In Illinois earlier this year the legislature adjourned before a vote was taken on Senate Bill 1381, the Compassionate Use of Medical Cannabis Pilot Program Act; however, the bill can still be called for a vote during the November veto session, or in January 2011.
The bill’s ponsor, State Representative Lou Lang, says some people, for instance those receiving chemotherapy, should be allowed the pain relief they can only get from medical marijuana. Law enforcement officers, such as Chris Endress, Director of QCMEG, feel differently however and worry that legalizing cannabis will just mean that more ends up on the streets; he says, “If you can yield a $1000 to $5000 profit tax free, per plant, what’s going to stop someone from growing more than they are allowed to and selling it on the street?” He also believes that legalizing cannabis strips away employees’ rights for a drug free workplace.
Illinois Compassionate Use of Medical Cannabis Pilot Program Act in Summary
- This legislation would make a narrow exception to Illinois’ criminal laws to prevent seriously ill patients from being arrested and jailed for the doctor-advised medical use of cannabis.
- The health department would issue medical cannabis ID cards.
- A registered patient or caregiver would be allowed no more than 2oz of marijuana and three mature plants
- To qualify for an ID card, a patient would have to submit to the health department a physician’s written certification that the patient would be likely to receive therapeutic or palliative benefit from cannabis and that the patient has one of the qualifying medical conditions:
- ALS, hepatitis C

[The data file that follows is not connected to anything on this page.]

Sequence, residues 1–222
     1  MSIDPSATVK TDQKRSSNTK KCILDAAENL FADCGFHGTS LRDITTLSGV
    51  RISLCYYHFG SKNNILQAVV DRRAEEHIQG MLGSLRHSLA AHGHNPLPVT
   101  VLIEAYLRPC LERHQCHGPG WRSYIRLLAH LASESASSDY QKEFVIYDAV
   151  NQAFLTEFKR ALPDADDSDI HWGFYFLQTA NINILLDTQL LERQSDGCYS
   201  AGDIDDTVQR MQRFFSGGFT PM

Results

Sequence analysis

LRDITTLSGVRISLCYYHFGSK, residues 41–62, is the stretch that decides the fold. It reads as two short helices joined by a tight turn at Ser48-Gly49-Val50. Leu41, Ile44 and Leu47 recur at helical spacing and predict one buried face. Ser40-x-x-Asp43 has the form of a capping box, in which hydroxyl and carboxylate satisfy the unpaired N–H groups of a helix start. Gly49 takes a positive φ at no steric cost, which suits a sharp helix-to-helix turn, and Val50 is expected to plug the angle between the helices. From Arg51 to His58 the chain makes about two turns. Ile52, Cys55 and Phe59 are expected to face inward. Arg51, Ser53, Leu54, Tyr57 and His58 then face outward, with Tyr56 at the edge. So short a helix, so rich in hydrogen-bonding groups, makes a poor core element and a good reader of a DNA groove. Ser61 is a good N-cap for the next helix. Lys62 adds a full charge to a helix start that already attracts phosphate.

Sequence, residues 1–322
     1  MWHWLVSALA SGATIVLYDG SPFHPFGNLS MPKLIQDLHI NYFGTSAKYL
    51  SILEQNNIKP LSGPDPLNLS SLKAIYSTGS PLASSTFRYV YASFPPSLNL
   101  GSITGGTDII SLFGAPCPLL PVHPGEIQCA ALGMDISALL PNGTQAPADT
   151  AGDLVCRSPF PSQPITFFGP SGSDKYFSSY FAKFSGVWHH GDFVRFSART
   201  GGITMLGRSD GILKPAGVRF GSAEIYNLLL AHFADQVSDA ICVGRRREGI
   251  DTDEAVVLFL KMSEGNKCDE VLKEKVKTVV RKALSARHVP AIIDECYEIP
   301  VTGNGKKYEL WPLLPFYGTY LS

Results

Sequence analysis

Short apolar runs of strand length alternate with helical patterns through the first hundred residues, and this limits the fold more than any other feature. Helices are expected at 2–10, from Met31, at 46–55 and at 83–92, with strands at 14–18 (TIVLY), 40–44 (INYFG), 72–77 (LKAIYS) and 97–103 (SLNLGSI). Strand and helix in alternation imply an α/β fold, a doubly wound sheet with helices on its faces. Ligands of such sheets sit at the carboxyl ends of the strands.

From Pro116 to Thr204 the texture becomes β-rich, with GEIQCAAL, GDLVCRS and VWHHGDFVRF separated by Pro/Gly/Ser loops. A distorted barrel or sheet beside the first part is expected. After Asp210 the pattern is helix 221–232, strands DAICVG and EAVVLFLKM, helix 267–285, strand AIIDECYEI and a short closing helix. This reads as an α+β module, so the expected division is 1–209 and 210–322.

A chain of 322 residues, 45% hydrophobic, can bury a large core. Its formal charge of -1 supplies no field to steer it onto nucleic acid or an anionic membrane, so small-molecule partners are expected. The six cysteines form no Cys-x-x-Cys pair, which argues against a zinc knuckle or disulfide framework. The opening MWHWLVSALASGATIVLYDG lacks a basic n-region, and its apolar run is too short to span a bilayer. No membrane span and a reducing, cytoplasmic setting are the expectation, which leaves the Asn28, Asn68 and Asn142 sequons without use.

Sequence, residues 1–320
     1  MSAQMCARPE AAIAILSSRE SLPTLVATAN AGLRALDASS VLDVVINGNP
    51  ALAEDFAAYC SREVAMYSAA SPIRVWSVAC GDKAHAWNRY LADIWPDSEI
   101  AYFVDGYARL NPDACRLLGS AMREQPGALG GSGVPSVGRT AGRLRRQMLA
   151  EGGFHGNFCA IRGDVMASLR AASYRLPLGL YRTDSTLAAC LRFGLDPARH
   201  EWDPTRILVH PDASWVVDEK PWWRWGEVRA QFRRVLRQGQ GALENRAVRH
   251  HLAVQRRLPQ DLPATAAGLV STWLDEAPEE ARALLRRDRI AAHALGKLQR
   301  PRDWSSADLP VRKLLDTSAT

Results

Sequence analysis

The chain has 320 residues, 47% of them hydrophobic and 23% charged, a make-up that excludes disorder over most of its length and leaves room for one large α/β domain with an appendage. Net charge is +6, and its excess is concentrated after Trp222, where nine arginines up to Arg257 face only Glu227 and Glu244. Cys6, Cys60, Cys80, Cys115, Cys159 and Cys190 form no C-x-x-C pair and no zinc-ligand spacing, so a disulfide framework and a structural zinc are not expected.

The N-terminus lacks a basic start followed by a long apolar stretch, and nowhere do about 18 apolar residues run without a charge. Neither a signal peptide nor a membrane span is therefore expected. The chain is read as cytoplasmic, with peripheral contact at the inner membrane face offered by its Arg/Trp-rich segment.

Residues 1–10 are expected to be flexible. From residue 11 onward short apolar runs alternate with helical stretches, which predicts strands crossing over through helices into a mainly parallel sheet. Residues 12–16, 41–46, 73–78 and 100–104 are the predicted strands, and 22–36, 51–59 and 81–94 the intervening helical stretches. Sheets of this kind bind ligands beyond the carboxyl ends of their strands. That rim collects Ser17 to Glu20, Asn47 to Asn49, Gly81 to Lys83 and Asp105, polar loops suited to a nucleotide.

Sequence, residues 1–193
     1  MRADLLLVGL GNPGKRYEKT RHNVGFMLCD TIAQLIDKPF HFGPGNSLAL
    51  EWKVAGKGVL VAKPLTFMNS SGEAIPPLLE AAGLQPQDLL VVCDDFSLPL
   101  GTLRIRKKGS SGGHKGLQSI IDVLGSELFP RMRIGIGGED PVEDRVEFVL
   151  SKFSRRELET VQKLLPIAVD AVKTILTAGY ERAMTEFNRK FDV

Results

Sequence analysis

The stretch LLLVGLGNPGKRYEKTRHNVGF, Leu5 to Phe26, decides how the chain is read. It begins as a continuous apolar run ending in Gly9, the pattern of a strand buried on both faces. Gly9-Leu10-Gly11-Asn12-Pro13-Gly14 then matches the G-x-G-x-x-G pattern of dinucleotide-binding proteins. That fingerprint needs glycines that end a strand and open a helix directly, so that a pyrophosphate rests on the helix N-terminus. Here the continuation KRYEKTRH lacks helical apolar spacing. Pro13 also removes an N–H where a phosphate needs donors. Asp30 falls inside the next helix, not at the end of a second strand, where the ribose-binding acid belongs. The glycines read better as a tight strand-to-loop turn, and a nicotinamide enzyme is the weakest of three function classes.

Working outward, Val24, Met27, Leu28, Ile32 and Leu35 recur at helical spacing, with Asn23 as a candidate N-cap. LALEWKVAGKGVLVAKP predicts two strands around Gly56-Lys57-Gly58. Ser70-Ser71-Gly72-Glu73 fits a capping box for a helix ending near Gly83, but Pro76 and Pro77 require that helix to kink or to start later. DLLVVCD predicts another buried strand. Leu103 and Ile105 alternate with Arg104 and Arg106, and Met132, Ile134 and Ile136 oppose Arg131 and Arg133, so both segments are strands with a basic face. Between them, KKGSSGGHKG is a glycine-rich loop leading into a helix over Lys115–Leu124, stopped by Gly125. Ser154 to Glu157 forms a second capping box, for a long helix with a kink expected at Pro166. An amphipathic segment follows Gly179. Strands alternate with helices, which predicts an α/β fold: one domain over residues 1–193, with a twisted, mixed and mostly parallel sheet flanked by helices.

- Crohn’s Disease
- Alzheimer’s Disease
- multiple sclerosis
- nail patella
- cachexia/wasting syndrome
- severe and persistent muscle spasms
- intractable pain that does not respond to other medications
- severe and debilitating nausea
- Other conditions can be added by petitioning the Department of Human Services once the Act takes place
- Patients could obtain their medical cannabis from a state-licensed compassion center.
- The department of health would set rules on security, record keeping, and oversight.
- Compassion centers would be subject to inspections, and all of their staff would have to register with the health department and be subject to background checks.
- Patients who could not get to a compassion center could designate a caregiver to grow their medicine for them.
- Cannabis would have to be grown in an enclosed, locked area.
- The bill maintains commonsense restrictions, including prohibitions on public use of cannabis and driving under the influence.
- Employers would not be required to allow patients to be impaired at work or possess cannabis at a workplace
Summary of states with pending medical marijuana legislation.